By Mthandazo Nyoni
THE Reserve Bank of Zimbabwe (RBZ) says the interbank market has, as at June 13, handled about US$154,7 million, with voluntary sales contributing the largest amount.
Giving his presentation during the ZimTrade exporters’ breakfast meeting held in Bulawayo last week, RBZ deputy director (exports) Tayengwa Chitauro said as at June 13, 2019, cumulative interbank foreign payments amounted to US$154,7 million.
He said cumulative interbank sales amounted to US$27 million while voluntary sales amounted to US$25,1 million.
Corporates contributed US$22,2 million, non-governmental organisations and embassies US$2,3 million, individuals US$607,451 and compulsory sales amounted to US$1,9 million.
“So you can see that most of the interbank liquidity is actually coming from voluntary sales. People are actually responding to the interbank positively,” Chitauro said.
The interbank started trading at a mid-rate of 1US$:2,5 RTGS$ and a margin of 2,5% was applied either way.
The rate has been gradually increasing closing at the mid-rate of 1US$: RTGS$5,9 as at June 13, 2019, he said.
In terms of the interbank market payments, manufacturing inputs accounted for 39%, services 18%, manufactured goods 17%, energy 13%, education 5%, agriculture 3%, mining and medical 2%, and individuals 1%.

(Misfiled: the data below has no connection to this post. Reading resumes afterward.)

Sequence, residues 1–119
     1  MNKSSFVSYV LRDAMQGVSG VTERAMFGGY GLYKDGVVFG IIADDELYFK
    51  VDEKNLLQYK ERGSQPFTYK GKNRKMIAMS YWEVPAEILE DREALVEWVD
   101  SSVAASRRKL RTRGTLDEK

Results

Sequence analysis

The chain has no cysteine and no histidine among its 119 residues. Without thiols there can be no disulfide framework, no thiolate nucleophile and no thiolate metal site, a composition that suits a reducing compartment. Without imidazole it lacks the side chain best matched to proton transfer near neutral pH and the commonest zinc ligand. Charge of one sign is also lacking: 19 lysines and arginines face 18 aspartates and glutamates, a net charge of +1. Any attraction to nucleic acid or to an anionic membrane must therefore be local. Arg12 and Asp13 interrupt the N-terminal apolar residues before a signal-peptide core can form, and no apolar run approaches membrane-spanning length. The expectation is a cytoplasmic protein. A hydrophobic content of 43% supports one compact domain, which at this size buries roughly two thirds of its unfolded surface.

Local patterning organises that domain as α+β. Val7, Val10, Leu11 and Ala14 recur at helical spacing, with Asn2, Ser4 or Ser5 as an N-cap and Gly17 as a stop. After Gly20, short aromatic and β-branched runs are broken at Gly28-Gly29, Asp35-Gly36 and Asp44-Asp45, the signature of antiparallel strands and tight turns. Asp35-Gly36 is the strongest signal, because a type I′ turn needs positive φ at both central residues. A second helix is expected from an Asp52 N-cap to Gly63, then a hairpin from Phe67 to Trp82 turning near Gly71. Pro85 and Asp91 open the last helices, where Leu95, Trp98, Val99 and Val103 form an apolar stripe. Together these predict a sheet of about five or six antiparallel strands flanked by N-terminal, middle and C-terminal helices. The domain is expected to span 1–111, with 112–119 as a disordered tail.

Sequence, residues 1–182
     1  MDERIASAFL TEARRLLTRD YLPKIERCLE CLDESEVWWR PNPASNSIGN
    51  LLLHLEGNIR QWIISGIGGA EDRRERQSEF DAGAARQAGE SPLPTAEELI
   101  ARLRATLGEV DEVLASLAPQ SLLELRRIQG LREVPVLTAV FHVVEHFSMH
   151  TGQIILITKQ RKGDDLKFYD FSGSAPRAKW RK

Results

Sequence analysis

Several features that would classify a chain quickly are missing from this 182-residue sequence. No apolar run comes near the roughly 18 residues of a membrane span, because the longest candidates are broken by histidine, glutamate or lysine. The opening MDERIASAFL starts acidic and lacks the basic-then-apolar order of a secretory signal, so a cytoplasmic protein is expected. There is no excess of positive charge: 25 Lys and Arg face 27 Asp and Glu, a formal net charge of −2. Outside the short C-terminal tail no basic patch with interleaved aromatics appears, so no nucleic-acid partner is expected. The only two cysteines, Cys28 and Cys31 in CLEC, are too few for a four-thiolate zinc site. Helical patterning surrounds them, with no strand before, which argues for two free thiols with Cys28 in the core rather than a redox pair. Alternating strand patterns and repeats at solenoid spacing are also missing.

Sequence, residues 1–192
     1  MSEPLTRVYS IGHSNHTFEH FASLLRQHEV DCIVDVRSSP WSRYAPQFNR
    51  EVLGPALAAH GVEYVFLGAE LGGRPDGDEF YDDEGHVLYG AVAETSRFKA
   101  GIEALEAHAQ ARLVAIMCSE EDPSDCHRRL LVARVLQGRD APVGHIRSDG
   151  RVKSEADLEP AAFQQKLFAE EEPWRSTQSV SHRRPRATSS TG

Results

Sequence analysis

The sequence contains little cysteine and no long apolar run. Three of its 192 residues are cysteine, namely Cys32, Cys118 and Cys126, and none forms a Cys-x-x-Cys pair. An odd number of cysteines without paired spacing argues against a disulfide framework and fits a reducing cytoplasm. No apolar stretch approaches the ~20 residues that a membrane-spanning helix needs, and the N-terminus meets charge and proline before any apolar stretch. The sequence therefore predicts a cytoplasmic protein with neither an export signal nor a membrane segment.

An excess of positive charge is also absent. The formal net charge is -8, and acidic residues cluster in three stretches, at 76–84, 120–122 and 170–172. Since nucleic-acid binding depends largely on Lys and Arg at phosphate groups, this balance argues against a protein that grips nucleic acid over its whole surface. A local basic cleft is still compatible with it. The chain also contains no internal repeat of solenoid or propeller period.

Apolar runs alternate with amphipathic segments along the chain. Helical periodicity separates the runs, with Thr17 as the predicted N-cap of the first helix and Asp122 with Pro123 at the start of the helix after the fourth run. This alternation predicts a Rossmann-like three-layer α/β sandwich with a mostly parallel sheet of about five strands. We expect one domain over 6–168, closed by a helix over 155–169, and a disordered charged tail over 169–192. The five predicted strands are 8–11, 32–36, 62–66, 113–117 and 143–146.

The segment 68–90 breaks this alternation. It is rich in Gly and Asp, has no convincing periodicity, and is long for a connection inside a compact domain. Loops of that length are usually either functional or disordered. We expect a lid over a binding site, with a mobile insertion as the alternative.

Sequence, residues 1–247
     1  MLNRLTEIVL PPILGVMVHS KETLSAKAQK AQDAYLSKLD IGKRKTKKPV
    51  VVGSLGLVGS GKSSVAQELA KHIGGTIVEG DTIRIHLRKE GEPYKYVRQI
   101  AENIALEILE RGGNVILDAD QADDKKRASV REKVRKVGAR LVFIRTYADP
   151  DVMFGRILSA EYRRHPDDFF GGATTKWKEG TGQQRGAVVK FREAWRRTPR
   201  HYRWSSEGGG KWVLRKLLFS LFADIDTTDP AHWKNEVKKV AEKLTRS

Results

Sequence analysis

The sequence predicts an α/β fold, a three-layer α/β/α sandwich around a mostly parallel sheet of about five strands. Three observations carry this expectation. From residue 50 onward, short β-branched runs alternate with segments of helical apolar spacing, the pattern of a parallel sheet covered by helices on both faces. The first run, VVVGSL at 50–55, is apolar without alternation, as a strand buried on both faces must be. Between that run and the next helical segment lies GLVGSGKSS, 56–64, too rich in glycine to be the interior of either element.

Another apex bank official, one F Masendu, said the seed capital which was injected by the central bank could not sustain the foreign exchange market due to low foreign currency receipts against the backdrop of huge pipeline payments.
“Moreover, moral hazard issues and trading outside the formal market under the twinning arrangements have been some of the challenges affecting the smooth operations of the interbank foreign exchange market,” he said.
He said the central bank then fine-tuned the trading rules on the interbank foreign exchange market to ensure allocative efficiency by directing authorised dealers to ensure trading of foreign currency on a willing seller/ willing-buyer basis.
“If this measure is fully implemented, it would result in the unification of exchange rates and completely eliminate or reduce trading of foreign currency on the parallel market,” he said.
“Activity on the interbank foreign exchange market is picking up consistent with growing exports and other foreign currency receipts,” Masendu said.